Social Democrats top off national election win with victories in two German states
In a close race in which projections by pollster Infratest dimap even showed the Green Party leading earlier in the night, the SPD under mayoral candidate Franziska Giffey came out on top in Berlin – albeit with its worst result since 1946. The state is now headed for another three-party coalition, with many options on the table and difficult negotiations ahead. The SPD will almost certainly lead the next government and aims to start exploratory coalition talks with the Greens, the CDU, the Left Party and the FDP. The current coalition of SPD, Greens and Left Party could be continued, but other options are also possible, such as an alliance of SPD, conservative CDU and pro-business FDP.
Almost four percentage points in gains for the Greens and only marginal changes for most other parties showed that people in Berlin did not want a fundamental change but “more Green,” wrote Lorenz Maroldt in an opinion piece in Tagesspiegel.
There were numerous glitches on the election day in Berlin. In some polling stations, the ballot papers ran out, state election officer Petra Michaelis told rbb. In others, ballot papers were mixed up. This led to long delays in voting and sometimes to long queues in front of the polling stations.
Germany’s national climate policy is based on major federal legislation like the Climate Action Law or the Renewable Energy Act, but states play a strong role when it comes to implementing necessary instruments and measures. At the federal level, state governments also make up one of the two parliamentary chambers, the Bundesrat, where they wield considerable power. As the Green Party takes part in 10 out of the 16 state governments, for example, it was able to exert political pressure in 2019 that led to the increase in the starting price of Germany’s CO2 price on transport and heating fuels.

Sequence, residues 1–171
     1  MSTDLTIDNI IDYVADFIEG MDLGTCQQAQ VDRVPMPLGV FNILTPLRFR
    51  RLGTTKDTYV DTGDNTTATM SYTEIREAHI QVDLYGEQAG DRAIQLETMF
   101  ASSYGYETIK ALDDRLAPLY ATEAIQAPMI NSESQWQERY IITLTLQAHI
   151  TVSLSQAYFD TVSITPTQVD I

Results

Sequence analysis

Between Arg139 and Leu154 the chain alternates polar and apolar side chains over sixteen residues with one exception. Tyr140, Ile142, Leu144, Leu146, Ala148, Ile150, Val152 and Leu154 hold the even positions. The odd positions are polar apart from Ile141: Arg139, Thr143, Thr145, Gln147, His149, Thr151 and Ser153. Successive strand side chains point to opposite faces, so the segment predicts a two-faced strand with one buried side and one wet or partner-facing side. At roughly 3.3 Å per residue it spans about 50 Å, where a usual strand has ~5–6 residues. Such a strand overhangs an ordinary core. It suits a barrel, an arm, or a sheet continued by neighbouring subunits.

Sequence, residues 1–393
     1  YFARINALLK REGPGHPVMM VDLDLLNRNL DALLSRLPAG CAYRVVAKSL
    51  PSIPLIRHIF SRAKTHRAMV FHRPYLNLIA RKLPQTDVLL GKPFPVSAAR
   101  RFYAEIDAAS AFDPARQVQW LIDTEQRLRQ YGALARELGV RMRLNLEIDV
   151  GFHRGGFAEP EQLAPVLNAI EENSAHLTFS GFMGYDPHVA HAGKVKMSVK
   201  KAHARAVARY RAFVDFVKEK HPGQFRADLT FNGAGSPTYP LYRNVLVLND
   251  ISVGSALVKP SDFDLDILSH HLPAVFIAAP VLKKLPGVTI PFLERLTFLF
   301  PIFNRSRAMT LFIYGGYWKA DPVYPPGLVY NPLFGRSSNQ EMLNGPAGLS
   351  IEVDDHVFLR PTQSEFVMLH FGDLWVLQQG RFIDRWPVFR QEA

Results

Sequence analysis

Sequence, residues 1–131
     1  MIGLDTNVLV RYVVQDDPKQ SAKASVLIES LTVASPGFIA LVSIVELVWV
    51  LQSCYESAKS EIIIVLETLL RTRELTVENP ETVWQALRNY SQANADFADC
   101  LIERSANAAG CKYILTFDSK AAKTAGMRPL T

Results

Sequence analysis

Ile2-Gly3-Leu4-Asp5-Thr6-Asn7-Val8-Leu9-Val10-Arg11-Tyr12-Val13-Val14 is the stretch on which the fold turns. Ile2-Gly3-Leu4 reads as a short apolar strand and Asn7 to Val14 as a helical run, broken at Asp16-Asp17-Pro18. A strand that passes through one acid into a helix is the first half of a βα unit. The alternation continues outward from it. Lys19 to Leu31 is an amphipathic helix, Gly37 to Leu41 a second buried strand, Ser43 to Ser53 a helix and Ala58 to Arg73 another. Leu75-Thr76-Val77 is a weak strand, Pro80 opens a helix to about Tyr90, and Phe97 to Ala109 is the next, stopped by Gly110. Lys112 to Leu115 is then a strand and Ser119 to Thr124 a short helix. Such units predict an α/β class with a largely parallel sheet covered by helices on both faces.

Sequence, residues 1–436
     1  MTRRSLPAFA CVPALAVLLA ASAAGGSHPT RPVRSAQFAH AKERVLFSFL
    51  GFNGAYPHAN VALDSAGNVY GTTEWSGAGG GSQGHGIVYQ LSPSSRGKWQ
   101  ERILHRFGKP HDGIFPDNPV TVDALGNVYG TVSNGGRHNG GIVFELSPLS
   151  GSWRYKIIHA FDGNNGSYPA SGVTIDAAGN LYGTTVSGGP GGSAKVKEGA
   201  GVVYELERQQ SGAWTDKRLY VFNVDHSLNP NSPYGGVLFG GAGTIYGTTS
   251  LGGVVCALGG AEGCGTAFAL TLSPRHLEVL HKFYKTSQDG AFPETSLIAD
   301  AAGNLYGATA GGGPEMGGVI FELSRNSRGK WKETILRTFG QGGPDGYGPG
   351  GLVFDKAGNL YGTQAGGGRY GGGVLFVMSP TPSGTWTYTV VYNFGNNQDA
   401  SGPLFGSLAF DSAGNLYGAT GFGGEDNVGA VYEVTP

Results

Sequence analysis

Climate action not decisive for voters in Mecklenburg-Western Pomerania
The SPD’s victory in the eastern renewable energy state Mecklenburg-Western Pomerania was much clearer, as the party gained almost 40 percent of the vote and can thus comfortably continue to govern. The Social Democrats can now decide who to approach for coalition talks.
The popularity of state premier and SPD lead candidate Manuela Schwesig was key for the outcome. Seventy-one percent of eligible voters in Mecklenburg-Western Pomerania are satisfied with Schwesig's work - a top rating not only in her own state but also in comparison with other federal states. She announced a triad of a strong economy, social cohesion and nature and environmental protection as the agenda for the next legislative period.
Climate action was not a key issue to determine voters’ choices in the state where the controversial Nord Stream 2 gas pipeline makes landfall, reports the public broadcaster based on a survey conducted by pollster Infratest dimap. Only 13 percent say this is the most important issue for them. “Social security” and “the economy and labour,” on the other hand, are both rated as the most important issue by 27 percent. “This also explains why the Greens fared comparatively poorly in the state elections in the north-east,” writes ARD. Still, the Greens managed to enter the state parliament for only the second time ever.